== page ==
THE CLASSIC description of postemetic or spontaneous rupture of the esophagus was recorded by a distinguished Dutch physician, Herman Boerhaave, in 1724.1 His patient, the Grand Admiral Baron van Wassenauer, experienced intense chest pain during induced vomiting at the conclusion of an eating and drinking episode. His general condition deteriorated rapidly and he died 18 hours later. At postmortem examination, Boerhaave found a rent in the lower third of the esophagus with a large quantity of gastric contents and air in the mediastinum and pleural cavity.
In postemetic rupture of the esophagus, the perforation almost always occurs in the lower third, and in 90% of patients it is located posterolaterally on the left side. The etiology remains enigmatic, but it is conjectured that the extension of smoothmuscle fibers from the esophagus onto the stomach wall results in a defective or weakened muscular zone. The insufflation of air into the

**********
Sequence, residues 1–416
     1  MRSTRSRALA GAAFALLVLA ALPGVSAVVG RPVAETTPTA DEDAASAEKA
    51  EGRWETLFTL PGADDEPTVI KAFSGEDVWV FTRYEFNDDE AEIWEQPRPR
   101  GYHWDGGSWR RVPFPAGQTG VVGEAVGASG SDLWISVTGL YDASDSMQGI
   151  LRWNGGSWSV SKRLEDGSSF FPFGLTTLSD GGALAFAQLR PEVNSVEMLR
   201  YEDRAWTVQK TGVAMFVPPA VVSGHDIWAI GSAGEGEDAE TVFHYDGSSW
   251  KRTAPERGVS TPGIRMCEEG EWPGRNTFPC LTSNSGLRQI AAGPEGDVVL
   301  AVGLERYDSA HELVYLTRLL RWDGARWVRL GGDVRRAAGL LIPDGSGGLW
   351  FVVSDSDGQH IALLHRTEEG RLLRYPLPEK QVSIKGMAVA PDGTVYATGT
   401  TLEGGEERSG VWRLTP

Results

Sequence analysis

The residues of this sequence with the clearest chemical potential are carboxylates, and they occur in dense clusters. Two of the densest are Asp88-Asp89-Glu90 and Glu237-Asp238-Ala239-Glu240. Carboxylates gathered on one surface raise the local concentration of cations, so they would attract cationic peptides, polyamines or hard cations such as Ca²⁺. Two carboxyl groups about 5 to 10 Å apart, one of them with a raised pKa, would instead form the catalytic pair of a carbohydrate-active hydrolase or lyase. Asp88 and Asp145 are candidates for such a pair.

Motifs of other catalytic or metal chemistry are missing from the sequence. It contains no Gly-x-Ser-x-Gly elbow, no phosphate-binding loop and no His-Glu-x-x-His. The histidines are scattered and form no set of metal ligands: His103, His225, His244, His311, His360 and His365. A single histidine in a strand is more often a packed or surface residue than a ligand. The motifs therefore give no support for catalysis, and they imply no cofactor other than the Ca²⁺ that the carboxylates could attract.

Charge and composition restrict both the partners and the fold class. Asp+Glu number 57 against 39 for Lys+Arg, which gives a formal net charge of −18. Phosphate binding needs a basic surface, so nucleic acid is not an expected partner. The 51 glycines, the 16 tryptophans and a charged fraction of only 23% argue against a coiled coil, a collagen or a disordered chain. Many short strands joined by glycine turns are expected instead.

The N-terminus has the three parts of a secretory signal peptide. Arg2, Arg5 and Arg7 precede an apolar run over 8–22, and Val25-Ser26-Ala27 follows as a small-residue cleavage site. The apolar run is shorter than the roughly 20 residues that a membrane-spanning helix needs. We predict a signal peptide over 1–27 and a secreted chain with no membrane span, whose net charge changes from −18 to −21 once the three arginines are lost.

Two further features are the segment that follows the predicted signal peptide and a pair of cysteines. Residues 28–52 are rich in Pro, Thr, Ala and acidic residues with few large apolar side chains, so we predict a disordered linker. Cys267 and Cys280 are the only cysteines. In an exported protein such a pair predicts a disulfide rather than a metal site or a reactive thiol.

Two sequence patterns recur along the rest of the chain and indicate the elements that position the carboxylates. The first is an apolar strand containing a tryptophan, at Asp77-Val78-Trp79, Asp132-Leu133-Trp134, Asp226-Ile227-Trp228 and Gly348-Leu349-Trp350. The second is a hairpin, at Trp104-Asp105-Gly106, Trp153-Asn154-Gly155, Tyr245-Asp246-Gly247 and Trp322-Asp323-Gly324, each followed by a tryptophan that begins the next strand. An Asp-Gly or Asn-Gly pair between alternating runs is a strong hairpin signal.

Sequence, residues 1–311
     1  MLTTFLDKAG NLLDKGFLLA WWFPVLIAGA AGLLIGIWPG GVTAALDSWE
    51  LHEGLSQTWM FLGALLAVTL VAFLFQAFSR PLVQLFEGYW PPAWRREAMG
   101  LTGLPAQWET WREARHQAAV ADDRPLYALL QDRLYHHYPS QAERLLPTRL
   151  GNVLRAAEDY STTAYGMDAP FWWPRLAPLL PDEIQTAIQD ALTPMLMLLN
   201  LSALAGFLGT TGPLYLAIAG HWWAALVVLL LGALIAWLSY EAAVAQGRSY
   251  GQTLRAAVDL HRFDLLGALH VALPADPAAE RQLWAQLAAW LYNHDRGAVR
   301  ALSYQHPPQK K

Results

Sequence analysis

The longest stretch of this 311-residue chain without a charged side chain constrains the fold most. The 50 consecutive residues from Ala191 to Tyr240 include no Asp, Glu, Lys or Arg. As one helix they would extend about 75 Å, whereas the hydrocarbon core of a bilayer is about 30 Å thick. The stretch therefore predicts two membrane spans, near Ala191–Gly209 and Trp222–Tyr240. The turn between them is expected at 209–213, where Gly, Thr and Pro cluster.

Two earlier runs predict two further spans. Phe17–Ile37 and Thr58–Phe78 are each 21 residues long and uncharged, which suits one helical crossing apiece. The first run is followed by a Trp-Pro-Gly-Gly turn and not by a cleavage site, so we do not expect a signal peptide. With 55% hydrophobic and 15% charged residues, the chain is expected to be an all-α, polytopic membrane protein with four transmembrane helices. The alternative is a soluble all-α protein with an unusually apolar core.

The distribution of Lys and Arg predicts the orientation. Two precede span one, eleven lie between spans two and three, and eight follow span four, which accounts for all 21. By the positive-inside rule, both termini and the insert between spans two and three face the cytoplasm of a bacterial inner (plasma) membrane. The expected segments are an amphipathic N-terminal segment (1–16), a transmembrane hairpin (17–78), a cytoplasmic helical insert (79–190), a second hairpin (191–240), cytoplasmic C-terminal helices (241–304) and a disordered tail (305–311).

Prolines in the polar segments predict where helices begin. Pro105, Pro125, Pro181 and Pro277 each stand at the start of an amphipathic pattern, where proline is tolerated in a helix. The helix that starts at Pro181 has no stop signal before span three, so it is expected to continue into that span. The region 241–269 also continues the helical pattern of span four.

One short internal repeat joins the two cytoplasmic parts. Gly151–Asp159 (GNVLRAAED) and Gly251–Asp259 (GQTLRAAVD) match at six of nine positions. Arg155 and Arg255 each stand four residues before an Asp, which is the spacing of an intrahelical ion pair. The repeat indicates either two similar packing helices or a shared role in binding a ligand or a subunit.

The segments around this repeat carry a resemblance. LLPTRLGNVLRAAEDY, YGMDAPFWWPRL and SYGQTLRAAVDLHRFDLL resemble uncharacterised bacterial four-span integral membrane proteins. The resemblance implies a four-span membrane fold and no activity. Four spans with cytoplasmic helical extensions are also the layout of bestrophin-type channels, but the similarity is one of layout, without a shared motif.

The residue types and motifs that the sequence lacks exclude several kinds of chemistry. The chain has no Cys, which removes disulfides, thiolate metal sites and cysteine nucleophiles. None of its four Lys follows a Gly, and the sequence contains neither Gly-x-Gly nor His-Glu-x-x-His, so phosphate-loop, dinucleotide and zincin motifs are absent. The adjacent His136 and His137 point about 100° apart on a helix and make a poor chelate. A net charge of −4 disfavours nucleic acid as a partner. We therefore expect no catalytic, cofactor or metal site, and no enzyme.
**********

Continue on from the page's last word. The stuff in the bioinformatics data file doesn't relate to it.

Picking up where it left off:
Gapp GA, James EC, Iwen GW, Siegel MB. Postemetic Rupture of Herniated Cardia of the Stomach: A Variant of Boerhaave's Syndrome. JAMA. 1982;247(6):811. doi:10.1001/jama.1982.03320310059030
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